Police expect peaceful Occupy Vancouver protest

Officers won’t be added to schedule for Saturday event

By Paris Achen, Columbian courts reporter

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Occupy Vancouver

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Vancouver city officials say they don’t plan to beef up their police force Saturday in anticipation of the city’s spinoff of the Occupy Wall Street nonviolent protest and march.

“At this point, we anticipate a peaceful expression of people’s views,” said city police spokesperson Kim Kapp. “We are not anticipating any issues.”

The police force Saturday, when demonstrators congregate from noon to 3 p.m. at Esther Short Park, 301 W. 8th Street, will be the same size as on any other Saturday, Kapp said.

The police department contacted the demonstration’s organizers Wednesday to find out plans for the event.

“The mayor and police chief reached out to ensure the Farmers Market wouldn’t be interrupted, and it’s a peaceful demonstration,” said Barbara Ayers, city spokesperson.

The Vancouver Farmers Market, which operates from 9 a.m. to 3 p.m. at the corner of Esther and 6th streets, is the only other event scheduled at the park Saturday.

Although the route of the march had not yet been decided, Occupy Vancouver organizer Dan Walker assured police that organizers would encourage protestors to follow all city laws. City ordinance allows demonstrations at the park without a permit but prohibits camping.

“It has not been decided what path it’s going to take,” Walker said. “We did, however, let (police Cmdr.) Amy Foster know we would provide them with the path Saturday morning before the event takes place.”

The demonstration’s organizers have said they don’t plan to camp in Vancouver as protestors in other cities, including New York City and Portland, have done. They are organizing a carpool for those who would like to camp with protestors in Portland. Demonstrations in Portland have continued since last week. Occupy Wall Street in New York City started Sept. 17.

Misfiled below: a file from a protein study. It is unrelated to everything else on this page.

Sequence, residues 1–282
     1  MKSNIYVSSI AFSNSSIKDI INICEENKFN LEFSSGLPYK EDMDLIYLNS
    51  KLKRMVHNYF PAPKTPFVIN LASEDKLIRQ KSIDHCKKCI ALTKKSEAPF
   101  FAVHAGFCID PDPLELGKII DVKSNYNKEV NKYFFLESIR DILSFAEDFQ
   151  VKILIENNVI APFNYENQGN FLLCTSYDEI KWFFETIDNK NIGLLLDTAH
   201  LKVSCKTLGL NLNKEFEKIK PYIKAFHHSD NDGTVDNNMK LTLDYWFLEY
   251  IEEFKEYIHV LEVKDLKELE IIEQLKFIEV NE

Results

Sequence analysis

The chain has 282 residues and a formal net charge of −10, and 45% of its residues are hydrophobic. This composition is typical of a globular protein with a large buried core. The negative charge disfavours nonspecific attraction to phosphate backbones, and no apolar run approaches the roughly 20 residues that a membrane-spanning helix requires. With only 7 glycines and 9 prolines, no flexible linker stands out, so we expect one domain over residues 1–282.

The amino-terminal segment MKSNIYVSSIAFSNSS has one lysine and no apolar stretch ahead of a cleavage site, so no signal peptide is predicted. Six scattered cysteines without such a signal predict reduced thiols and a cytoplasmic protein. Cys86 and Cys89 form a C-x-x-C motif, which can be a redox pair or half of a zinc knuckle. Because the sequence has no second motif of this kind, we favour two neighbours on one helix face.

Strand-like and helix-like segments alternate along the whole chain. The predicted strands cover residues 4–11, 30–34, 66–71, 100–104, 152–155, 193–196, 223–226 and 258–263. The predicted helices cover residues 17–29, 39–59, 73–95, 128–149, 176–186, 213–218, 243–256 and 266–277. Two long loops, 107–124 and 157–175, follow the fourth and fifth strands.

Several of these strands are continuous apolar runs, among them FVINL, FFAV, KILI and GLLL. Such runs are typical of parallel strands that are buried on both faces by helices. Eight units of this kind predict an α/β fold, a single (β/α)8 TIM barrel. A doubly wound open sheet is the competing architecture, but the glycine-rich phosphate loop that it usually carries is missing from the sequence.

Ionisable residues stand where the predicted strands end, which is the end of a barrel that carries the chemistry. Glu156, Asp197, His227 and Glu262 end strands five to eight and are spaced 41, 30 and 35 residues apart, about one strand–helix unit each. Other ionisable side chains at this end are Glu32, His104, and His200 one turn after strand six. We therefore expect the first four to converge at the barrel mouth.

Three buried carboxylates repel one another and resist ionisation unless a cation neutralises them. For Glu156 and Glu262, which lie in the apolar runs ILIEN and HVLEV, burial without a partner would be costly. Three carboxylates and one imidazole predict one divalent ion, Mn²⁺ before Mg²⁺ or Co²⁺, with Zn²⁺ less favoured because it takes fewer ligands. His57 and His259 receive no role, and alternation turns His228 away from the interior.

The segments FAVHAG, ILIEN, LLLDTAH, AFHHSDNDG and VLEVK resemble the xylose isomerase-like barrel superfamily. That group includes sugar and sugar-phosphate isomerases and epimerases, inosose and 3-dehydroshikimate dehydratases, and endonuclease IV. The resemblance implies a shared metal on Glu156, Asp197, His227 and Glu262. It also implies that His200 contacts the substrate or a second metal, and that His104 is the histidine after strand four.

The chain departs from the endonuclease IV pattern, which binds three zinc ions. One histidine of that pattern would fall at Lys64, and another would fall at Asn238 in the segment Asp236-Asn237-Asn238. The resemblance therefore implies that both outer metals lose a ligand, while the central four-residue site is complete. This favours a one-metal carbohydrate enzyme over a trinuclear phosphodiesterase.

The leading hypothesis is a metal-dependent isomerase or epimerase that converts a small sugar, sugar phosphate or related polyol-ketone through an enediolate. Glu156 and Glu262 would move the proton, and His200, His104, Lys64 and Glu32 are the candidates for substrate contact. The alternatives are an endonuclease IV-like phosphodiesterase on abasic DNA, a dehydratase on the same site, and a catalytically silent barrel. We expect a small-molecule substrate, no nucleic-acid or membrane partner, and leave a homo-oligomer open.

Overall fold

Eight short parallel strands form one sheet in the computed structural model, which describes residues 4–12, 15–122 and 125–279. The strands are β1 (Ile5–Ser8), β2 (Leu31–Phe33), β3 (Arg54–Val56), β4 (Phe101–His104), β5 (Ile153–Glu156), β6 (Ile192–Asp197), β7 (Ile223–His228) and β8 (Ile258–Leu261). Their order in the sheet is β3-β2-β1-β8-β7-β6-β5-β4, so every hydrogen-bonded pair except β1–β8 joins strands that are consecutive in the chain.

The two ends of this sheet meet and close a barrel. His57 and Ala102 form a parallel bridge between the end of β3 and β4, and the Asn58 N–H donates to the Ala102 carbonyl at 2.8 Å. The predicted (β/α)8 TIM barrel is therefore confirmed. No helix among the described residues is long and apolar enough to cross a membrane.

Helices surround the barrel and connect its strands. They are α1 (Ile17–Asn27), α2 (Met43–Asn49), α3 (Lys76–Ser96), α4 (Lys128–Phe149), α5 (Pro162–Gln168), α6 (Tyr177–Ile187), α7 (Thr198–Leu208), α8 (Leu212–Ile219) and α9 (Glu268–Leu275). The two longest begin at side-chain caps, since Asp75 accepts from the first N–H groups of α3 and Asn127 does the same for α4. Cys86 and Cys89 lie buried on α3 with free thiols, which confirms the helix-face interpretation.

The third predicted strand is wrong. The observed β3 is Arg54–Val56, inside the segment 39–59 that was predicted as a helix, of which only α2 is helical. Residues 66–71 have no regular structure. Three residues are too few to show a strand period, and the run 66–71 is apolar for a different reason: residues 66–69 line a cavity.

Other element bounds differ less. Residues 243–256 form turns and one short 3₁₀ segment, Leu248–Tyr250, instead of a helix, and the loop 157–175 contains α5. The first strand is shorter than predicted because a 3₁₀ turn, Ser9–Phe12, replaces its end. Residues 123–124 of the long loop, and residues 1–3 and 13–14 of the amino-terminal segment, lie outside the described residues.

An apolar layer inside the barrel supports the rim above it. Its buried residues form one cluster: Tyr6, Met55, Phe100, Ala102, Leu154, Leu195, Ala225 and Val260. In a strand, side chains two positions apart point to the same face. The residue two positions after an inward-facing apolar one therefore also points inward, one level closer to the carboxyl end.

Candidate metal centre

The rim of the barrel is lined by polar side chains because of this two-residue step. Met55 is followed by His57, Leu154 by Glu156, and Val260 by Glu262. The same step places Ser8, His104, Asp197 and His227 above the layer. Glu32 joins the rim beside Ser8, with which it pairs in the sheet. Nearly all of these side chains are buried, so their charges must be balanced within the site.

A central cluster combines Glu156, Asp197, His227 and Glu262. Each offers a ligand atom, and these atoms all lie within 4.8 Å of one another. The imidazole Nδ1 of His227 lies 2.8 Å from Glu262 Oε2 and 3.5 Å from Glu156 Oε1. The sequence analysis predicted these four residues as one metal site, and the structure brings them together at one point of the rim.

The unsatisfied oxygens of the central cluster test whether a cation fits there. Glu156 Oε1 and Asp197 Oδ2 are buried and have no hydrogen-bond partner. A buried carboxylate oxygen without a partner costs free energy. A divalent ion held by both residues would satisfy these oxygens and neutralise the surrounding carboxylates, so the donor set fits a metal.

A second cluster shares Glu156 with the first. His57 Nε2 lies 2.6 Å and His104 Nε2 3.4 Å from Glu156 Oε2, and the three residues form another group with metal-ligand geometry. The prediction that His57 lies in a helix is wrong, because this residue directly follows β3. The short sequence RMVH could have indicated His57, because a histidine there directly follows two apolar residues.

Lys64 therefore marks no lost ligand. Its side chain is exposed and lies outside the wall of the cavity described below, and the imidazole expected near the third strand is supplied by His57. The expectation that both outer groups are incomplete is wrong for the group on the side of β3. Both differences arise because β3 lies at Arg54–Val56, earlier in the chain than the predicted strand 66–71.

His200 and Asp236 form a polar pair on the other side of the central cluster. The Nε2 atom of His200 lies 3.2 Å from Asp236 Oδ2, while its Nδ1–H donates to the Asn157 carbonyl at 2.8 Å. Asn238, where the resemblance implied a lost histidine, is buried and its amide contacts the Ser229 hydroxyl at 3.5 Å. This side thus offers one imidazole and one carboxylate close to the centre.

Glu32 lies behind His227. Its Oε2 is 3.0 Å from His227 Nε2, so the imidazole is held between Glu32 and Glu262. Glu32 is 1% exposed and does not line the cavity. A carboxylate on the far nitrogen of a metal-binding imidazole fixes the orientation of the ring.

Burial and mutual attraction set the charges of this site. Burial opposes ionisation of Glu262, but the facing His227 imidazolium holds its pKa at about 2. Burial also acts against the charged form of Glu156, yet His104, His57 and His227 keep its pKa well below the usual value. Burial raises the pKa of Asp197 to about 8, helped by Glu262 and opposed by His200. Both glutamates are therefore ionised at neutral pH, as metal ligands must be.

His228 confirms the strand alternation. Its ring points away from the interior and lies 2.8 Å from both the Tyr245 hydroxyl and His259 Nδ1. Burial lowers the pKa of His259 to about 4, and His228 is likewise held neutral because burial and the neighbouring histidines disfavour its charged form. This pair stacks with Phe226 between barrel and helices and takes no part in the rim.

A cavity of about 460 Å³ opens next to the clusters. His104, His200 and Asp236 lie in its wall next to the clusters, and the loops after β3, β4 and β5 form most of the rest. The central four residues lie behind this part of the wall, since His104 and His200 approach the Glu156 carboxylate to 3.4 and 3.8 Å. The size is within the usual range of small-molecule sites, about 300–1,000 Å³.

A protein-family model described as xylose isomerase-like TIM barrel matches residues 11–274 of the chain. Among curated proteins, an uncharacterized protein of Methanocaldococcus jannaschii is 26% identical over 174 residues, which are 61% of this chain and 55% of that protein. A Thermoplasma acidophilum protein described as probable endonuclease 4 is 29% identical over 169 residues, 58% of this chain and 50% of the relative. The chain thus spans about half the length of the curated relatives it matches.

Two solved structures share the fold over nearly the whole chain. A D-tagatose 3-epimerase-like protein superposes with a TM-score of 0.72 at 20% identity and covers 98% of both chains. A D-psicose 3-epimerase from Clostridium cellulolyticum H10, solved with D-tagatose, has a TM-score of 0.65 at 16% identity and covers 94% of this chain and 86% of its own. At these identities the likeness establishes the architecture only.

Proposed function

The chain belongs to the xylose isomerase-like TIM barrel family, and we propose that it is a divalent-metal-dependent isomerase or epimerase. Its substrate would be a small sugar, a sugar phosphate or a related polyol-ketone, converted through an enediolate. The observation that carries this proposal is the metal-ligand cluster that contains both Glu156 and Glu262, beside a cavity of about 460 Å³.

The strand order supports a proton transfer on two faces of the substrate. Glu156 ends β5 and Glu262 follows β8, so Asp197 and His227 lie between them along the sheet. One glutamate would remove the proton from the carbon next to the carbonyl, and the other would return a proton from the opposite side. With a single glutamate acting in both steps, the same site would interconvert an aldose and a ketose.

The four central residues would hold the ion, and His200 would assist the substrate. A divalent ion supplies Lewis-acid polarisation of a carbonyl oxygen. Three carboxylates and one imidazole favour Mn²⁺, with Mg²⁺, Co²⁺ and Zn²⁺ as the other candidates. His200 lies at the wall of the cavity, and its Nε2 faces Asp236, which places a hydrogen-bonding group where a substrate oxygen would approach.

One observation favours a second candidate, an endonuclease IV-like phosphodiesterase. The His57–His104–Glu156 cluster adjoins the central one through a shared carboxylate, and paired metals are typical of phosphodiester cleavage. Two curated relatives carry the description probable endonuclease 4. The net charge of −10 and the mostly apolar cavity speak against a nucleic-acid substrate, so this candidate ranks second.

City officials’ communication with the organizers led them to the decision not to augment Saturday police staffing, Ayers said. Contingency plans are in place if police feel they need help.

About 30 people are organizing the event Saturday in solidarity with the International Day of Occupation on Oct. 15. They were scheduled to meet Wednesday evening to decide on the path of the march, speeches and other details. So far, organizers anticipate having speakers at the park’s bandstand Saturday to allow people to speak to the crowd, Walker said.

Walker debuted a website for the movement on Oct. 8 at www.occupyvancouverusa.org. Organizers, participants, supporters and detractors also have been communicating via Facebook at www.facebook.com/#!/occupyvancouverwashington and Twitter.

As of Wednesday afternoon, more than 150 Facebook members had indicated on the event’s page that they plan to join in on the demonstration. More than 300 people “liked” the page.

There are 1,523 cities worldwide that have or will host an “Occupy Together” demonstration to protest corporate greed, according to the Occupy Wall Street website. The movement originated in New York City.

Paris Achen: 360-735-4551; http://www.twitter.com/Col_Trends; http://www.facebook.com/ColTrends; paris.achen@columbian.com